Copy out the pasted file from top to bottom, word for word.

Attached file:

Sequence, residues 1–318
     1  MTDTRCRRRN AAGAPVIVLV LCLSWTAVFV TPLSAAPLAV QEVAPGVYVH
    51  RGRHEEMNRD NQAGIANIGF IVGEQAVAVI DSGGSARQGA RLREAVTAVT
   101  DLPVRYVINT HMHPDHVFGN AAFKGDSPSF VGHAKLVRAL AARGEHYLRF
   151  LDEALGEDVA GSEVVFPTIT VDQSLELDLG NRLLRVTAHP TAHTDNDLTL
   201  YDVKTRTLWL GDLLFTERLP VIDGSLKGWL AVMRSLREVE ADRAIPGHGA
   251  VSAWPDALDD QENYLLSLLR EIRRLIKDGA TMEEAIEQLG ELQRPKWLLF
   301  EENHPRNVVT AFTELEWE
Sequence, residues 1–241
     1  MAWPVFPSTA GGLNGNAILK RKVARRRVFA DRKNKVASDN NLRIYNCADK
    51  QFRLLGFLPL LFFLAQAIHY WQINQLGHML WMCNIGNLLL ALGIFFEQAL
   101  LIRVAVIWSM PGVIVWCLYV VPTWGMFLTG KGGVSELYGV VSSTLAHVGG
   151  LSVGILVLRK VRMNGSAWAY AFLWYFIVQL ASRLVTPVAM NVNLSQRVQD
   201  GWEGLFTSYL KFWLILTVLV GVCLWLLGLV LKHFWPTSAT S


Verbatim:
Sequence, residues 1–318
     1  MTDTRCRRRN AAGAPVIVLV LCLSWTAVFV TPLSAAPLAV QEVAPGVYVH
    51  RGRHEEMNRD NQAGIANIGF IVGEQAVAVI DSGGSARQGA RLREAVTAVT
   101  DLPVRYVINT HMHPDHVFGN AAFKGDSPSF VGHAKLVRAL AARGEHYLRF
   151  LDEALGEDVA GSEVVFPTIT VDQSLELDLG NRLLRVTAHP TAHTDNDLTL
   201  YDVKTRTLWL GDLLFTERLP VIDGSLKGWL AVMRSLREVE ADRAIPGHGA
   251  VSAWPDALDD QENYLLSLLR EIRRLIKDGA TMEEAIEQLG ELQRPKWLLF
   301  EENHPRNVVT AFTELEWE
Sequence, residues 1–241
     1  MAWPVFPSTA GGLNGNAILK RKVARRRVFA DRKNKVASDN NLRIYNCADK
    51  QFRLLGFLPL LFFLAQAIHY WQINQLGHML WMCNIGNLLL ALGIFFEQAL
   101  LIRVAVIWSM PGVIVWCLYV VPTWGMFLTG KGGVSELYGV VSSTLAHVGG
   151  LSVGILVLRK VRMNGSAWAY AFLWYFIVQL ASRLVTPVAM NVNLSQRVQD
   201  GWEGLFTSYL KFWLILTVLV GVCLWLLGLV LKHFWPTSAT S